Newspaper of The New York Herald, March 14, 1843, Page 1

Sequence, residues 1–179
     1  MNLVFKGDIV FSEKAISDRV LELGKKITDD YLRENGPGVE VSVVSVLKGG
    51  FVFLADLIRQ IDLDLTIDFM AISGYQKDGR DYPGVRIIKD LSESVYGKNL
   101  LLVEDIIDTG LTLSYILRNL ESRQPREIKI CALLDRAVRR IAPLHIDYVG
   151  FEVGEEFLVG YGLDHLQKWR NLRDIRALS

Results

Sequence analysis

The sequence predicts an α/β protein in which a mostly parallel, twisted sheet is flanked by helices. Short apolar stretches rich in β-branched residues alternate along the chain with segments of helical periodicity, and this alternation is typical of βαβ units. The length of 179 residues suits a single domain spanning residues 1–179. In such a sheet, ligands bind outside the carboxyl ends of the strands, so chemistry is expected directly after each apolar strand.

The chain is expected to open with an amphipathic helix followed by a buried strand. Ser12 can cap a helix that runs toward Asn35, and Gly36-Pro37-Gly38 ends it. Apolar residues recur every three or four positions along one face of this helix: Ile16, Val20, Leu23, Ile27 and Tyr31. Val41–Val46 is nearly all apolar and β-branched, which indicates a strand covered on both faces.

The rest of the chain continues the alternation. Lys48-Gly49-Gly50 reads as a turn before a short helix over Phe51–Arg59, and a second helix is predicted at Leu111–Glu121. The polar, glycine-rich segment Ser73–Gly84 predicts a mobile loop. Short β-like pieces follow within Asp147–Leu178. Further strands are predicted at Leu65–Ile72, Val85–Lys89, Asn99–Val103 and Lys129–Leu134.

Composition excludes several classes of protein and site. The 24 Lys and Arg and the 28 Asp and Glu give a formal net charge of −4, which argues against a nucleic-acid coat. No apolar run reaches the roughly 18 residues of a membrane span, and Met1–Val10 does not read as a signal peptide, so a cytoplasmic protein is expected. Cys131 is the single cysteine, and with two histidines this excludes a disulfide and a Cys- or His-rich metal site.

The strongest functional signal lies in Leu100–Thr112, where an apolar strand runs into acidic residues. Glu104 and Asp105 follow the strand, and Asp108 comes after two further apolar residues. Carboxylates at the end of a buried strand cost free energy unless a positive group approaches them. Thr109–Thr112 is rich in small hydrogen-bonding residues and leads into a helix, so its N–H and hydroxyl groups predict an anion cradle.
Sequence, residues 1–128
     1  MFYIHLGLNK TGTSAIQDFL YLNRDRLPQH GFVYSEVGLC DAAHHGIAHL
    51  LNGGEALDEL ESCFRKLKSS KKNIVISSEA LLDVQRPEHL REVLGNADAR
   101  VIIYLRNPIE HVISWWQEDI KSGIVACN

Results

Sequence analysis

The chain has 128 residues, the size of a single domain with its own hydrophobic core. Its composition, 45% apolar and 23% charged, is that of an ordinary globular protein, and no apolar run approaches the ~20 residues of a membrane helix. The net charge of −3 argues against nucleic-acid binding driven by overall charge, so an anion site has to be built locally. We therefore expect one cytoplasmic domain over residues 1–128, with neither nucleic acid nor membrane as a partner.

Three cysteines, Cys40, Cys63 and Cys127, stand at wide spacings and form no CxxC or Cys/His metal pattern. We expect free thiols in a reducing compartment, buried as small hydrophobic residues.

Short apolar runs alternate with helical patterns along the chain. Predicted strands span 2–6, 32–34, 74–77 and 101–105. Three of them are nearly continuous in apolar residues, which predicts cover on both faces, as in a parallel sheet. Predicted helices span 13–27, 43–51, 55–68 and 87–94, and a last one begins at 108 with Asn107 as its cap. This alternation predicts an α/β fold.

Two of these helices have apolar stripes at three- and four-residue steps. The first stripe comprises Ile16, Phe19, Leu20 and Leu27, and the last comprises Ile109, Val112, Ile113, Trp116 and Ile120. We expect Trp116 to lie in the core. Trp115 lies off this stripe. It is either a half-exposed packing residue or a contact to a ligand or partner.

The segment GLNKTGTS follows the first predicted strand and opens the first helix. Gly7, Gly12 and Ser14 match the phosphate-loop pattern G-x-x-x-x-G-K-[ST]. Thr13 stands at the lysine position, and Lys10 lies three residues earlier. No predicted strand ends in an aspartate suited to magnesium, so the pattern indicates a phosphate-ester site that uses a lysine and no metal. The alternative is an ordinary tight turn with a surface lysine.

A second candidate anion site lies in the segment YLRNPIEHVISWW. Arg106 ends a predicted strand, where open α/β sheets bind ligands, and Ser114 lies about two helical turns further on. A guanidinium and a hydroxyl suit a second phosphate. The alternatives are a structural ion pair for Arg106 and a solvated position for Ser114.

Newspaper of The New York Herald dated March 14, 1843 Page 1